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Synagogue in Abu Dhabi will be a place to learn tolerance and humanity: Rabbi

anjana@khaleejtimes.com Filed on August 25, 2020 | Last updated on August 25, 2020 at 05.57 am
Synagogue, Abu Dhabi, place to learn, tolerance, humanity, Rabbi

(Wam)

Currently, the Jews in the UAE - consisting of around 200 families - pray at a synagogue housed in a Bur Dubai villa.

The synagogue in Abu Dhabi, which is expected to be completed in 2022, will be a place where residents and tourists can understand religious tolerance and humanitarian values, the chief rabbi of the Jewish community in the UAE has said.

The Abrahamic Family House, which will come up on Saadiyat Island in Abu Dhabi, will have a mosque, a church and a synagogue - bringing three major faiths together.

"This project is not just about each house of worship, but what I particularly like is the garden with the educational centre and museum. I think it will inspire people to think more deeply about what makes something sacred and how the values they stand for can be protected and nurtured," said Rabbi Yehuda Sarna in an interview with Khaleej Times.

Currently, the Jews in the UAE - consisting of around 200 families - pray at a synagogue housed in a Bur Dubai villa.

Speaking about the opportunities for face-to-face interaction that the UAE-Israel peace accord will open up, Rabbi Sarna said it is 'culturally transformative'.

"There are currently a few places in the world where Jews can interact with Arabs. Most Arab countries do not have a relationship with Israel. Within Israel, Arabs and Jews tend to live in separate areas."

But with the normalisation of relations between the two countries and the new opportunities for travel, Rabbi Sarna said many Israelis are curious to come and learn more about the UAE.

If it were not for the pandemic and the travel restrictions, "hundreds of Jews" would have already flown into the country, he said.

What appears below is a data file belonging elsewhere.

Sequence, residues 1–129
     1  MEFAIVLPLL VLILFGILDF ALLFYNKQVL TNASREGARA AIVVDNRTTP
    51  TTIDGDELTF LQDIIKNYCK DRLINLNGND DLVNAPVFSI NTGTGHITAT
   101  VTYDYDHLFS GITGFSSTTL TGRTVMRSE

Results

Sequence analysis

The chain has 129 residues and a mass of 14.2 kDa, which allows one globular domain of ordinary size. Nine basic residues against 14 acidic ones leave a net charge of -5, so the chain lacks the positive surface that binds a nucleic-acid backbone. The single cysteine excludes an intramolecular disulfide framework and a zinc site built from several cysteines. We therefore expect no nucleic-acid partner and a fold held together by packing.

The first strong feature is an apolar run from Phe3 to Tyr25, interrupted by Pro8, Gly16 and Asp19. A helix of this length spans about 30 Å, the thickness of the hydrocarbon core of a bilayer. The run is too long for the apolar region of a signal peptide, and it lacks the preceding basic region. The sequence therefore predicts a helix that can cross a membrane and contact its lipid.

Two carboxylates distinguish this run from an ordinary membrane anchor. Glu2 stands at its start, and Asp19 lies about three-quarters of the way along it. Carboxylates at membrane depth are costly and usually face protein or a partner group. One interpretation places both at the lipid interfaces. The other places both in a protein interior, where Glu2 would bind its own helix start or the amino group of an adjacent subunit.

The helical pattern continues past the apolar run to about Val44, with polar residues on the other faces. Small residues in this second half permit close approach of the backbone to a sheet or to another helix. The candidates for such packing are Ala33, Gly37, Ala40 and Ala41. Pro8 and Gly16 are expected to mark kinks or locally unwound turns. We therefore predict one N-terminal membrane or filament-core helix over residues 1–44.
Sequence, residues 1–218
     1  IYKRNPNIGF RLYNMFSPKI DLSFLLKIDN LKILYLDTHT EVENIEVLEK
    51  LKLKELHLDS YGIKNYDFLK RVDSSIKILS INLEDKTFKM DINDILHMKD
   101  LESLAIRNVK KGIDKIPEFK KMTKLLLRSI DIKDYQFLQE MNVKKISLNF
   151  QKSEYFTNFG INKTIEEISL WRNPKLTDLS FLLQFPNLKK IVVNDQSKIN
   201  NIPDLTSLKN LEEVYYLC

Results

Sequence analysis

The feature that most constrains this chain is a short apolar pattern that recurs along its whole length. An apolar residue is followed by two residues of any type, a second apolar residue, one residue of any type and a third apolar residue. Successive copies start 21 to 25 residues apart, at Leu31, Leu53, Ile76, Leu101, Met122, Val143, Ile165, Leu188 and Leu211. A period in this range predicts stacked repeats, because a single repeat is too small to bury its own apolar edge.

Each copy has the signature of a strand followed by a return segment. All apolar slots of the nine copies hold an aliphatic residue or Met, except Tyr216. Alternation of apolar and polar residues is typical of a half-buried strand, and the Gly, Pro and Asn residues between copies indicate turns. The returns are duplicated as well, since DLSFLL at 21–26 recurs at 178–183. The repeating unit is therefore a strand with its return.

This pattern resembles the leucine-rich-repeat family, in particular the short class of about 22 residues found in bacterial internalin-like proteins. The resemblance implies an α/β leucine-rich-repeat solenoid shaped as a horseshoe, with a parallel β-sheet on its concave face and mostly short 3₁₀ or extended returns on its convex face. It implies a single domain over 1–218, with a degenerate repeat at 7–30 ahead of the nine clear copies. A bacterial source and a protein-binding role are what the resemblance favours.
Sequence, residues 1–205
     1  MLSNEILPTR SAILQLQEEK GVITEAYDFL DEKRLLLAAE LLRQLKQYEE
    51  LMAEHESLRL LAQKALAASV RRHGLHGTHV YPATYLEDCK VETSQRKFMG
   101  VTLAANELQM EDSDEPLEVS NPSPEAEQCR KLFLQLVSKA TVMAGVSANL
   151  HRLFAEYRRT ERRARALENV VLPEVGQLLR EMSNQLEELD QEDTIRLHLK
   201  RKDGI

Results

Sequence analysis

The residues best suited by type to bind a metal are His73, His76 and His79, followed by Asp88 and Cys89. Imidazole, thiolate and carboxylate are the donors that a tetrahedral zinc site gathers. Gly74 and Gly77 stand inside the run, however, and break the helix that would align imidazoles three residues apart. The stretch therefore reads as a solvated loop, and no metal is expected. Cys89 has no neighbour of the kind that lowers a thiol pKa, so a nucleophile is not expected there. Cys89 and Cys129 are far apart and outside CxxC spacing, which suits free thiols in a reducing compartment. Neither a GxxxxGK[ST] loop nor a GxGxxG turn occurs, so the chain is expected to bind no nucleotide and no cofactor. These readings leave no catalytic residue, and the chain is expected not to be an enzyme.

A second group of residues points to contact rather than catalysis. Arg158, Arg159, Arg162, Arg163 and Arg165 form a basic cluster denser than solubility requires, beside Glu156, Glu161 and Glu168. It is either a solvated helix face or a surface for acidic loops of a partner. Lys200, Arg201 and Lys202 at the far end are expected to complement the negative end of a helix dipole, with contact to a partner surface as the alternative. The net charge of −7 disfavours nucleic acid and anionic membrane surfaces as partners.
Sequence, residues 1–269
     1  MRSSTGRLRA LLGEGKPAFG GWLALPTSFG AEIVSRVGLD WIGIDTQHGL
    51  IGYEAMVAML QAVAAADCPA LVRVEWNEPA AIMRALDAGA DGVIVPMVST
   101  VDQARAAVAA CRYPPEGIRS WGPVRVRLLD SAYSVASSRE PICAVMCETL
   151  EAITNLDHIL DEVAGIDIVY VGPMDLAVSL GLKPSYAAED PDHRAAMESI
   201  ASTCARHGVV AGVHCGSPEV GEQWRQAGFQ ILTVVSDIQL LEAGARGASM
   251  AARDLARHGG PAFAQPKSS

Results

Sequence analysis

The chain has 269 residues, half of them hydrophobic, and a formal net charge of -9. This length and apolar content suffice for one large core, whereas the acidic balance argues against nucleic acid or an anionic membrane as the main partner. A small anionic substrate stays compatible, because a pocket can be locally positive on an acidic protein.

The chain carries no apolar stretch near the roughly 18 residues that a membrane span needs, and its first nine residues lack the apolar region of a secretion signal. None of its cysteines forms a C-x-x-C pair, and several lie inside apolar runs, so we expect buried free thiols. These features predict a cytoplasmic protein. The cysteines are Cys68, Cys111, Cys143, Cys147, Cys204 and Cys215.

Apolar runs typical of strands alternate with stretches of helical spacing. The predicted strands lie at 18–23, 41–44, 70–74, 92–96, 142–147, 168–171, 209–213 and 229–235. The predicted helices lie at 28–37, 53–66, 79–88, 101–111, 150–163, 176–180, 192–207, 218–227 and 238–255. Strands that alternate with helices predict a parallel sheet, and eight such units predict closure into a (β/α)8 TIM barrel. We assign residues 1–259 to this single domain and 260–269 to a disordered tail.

"You do not know how many rabbis - not just from Israel but also from the US - have already asked me to get them there because they want to learn about the educational and cultural movement happening across the region. They want to know how religious leaders are working towards fighting radicalisation and extremism."

According to him, anything that connects people with each other, opens up conversations, and encourages them to understand each other - is good for humanity.

"I think we have to realise that this world is coming into contact with more and more cultures with greater and greater frequency. And we just have to build our ability and resilience in listening. For me, this peace accord represents an opening up of conversations."

anjana@khaleejtimes.com 

author

Anjana Sankar

Anjana Sankar is a UAE-based journalist chasing global stories of conflict, migration and human rights. She has reported from the frontlines of the wars in Yemen and Syria and has extensively written on the refugee crisis in Bangladesh, Iraq and Europe. From interviewing Daesh militants to embedding with the UAE army in Yemen, and covering earthquakes, floods, terrorist attacks and elections, she has come out scathe-free from the most dangerous conflict zones of the world. Riding on over 14 years of experience, Anjana currently is an Assistant Editor with Khaleej Times and leads the reporting team. She often speaks about women empowerment on her Facebook page that has 40,000 plus followers.


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